Expectations guide patients' view of incontinence treatment

April 1, 2007

Urinary incontinence patients' personal goals and expectations are more closely tied to their quality of life than is any objective measure of the disease, suggesting that treatment outcomes should be assessed in a more patient-focused manner.

Key Points

Christchurch, New Zealand-Urinary incontinence patients' personal goals and expectations are more closely tied to their quality of life than is any objective measure of the disease, suggesting that treatment outcomes should be assessed in a more patient-focused manner.

"We have a tendency to decide whether to [perform surgery] on these patients based on some number or result of an expensive urodynamic study," said Kimberly Kenton, MD, assistant professor of urogynecology, department of urology, Loyola University Medical Center, Maywood, IL. "But the results of these tests may not be optimal indicators of disease severity or predict satisfaction after surgery. It may be that when we treat quality-of-life disorders, such as incontinence or vaginal prolapse, we should use patient assessment of disease severity to measure outcomes."

"No clear definition of 'cured' or 'happy' was provided, making it impossible to interpret," Dr. Kenton told attendees at the International Continence Society annual meeting here. "Furthermore, it was complicated by the bias that patients in general like their surgeons and might not want to admit that things did not work.

"As a result, the pendulum swung in the other direction to these arbitrary, but quantifiable and reproducible 'objective' outcomes. Increasingly, data show the lack of a relationship between objective outcomes and quality of life, so we are ever in search of the 'right' outcome measure."

The study undertaken by Dr. Kenton and colleagues was conducted at 23 centers across North America. Data were available for 329 women (mean age, 56±12 years) with urodynamic stress incontinence who received either a dextranomer in a hyaluronic acid base (Zuidex) or bovine collagen (Contigen).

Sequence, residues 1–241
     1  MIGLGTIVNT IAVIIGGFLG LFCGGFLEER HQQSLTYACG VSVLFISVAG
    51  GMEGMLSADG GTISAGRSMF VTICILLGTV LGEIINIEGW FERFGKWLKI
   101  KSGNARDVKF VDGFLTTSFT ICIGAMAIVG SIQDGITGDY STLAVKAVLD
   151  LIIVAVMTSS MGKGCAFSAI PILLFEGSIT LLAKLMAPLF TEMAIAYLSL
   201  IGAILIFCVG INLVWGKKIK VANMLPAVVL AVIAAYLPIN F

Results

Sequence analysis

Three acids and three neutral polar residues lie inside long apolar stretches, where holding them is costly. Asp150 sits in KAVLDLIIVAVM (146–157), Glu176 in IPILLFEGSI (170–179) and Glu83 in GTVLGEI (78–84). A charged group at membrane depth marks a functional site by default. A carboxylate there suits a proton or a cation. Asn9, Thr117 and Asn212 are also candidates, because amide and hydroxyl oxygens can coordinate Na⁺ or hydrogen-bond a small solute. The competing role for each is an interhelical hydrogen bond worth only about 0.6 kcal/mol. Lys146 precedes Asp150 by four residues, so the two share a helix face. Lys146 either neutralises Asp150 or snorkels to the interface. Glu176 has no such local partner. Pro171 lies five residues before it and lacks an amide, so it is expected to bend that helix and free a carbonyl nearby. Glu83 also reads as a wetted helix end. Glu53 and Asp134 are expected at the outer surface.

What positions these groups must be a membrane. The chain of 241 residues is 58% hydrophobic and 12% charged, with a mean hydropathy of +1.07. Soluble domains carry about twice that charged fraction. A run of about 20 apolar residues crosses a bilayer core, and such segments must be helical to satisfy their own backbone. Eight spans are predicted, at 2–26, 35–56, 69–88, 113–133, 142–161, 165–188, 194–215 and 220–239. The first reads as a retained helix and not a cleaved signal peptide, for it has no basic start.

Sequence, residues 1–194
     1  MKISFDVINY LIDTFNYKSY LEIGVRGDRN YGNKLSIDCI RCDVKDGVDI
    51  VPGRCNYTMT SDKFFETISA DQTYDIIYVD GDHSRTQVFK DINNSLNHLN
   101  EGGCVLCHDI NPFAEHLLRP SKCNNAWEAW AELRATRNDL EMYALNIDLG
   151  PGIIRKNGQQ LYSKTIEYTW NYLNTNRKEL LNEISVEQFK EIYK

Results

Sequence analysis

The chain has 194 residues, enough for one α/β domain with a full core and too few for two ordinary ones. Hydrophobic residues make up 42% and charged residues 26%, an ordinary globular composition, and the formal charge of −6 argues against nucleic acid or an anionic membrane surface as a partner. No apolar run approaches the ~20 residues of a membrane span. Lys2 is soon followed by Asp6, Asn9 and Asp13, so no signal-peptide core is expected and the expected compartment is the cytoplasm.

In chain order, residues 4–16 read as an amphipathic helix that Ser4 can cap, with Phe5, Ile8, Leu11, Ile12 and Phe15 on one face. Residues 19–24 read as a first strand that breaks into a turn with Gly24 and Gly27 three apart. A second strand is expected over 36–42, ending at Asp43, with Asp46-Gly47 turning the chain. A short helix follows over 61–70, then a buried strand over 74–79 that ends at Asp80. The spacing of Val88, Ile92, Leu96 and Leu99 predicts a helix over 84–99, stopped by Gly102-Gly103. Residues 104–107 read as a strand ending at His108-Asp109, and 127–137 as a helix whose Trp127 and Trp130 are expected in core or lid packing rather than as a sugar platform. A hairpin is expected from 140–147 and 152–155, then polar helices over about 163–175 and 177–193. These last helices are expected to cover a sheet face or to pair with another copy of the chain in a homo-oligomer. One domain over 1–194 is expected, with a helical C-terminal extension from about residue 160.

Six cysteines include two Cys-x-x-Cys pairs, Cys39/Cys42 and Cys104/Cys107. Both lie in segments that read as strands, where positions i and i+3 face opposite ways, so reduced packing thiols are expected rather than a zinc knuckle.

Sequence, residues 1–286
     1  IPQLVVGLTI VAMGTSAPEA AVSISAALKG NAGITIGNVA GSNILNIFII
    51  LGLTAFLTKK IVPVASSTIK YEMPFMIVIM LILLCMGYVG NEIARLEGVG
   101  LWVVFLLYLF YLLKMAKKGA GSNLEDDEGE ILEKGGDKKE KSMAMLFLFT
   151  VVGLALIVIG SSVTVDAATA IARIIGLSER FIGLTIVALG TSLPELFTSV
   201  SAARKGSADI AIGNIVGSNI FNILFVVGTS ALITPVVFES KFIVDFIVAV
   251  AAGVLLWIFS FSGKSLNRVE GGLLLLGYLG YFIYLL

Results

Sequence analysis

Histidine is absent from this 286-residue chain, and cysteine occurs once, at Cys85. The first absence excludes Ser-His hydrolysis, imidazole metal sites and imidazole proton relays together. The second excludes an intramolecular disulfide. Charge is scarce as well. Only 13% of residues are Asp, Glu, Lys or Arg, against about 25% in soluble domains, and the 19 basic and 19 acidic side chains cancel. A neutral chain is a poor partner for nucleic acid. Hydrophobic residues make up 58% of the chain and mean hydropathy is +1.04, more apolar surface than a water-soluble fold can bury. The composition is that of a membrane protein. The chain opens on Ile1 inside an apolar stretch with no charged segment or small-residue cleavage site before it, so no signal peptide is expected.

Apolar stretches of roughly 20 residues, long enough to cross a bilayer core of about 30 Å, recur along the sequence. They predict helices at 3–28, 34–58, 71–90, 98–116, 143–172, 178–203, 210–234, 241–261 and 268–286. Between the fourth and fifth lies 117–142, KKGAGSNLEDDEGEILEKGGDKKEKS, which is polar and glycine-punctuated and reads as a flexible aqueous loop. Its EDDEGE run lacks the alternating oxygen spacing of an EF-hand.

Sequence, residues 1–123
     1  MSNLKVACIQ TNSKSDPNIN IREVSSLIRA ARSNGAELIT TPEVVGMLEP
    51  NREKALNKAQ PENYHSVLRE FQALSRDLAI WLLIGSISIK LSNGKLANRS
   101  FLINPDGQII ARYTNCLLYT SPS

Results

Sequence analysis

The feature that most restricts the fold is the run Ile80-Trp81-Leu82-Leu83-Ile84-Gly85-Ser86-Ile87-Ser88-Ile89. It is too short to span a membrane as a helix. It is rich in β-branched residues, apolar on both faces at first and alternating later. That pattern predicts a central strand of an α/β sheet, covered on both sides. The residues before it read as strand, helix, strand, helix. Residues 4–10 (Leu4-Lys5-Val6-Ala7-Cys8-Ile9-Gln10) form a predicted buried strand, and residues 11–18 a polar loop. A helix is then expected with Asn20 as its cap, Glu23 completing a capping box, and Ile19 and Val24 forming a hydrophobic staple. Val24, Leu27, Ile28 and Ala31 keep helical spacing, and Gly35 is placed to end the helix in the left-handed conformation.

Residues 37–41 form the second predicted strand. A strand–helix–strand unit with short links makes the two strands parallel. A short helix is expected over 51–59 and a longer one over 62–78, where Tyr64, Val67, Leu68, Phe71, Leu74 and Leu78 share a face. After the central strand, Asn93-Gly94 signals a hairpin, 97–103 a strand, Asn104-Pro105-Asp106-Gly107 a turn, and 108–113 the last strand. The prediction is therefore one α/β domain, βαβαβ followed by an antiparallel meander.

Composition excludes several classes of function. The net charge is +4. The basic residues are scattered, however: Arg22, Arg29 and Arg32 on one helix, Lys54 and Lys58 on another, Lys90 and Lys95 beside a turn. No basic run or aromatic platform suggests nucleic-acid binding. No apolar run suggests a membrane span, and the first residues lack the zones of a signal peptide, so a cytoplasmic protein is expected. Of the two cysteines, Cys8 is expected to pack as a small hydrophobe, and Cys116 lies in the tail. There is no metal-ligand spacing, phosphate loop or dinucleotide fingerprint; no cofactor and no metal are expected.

Forty percent of the women reported having incontinence symptoms for 1 to 5 years, while the remaining 60% had symptoms for more than 5 years. Objective measures taken for each patient included urodynamics with abdominal leak point pressures (median pressure, 68 cm water), standard office pad test (median weight, 51 grams), and incontinence episodes per day (median number, 4).

Subjective data were obtained using the short forms of the Urinary Distress Inventory and the Incontinence Impact Questionnaire. Patients were also asked about the severity of their incontinence using the Patient's Global Assessment of Incontinence (PGAI), in which they rated their disease as "none," "mild," "moderate," or "severe." Most of the women (52%) described their incontinence as moderate, 25% said it was mild, 21% rated it as severe, and 3% responded "none."

Similarly, patients were asked their perceived incontinence grade. Fifty-one percent reported "leaking with lesser degrees of physical stress," 45% reported "loss of urine with sudden increase in abdominal pressure," and 4% reported "total incontinence."

Univariate analysis showed no correlation between questionnaire scores and leak point pressures, and only a weak correlation between those scores and the number of incontinence episodes per day and pad weight.

Higher questionnaire scores were significantly associated with worse patient assessments of incontinence using the grading system and the PGAI.

"These results are consistent with a body of work we are accumulating about patients' goals and expectations for surgery," said Dr. Kenton, whose group planned to present data at the Society of Gynecologic Surgeons annual meeting in April, showing that women who do not feel completely prepared before incontinence surgery are more likely to be dissatisfied afterward, regardless of outcomes.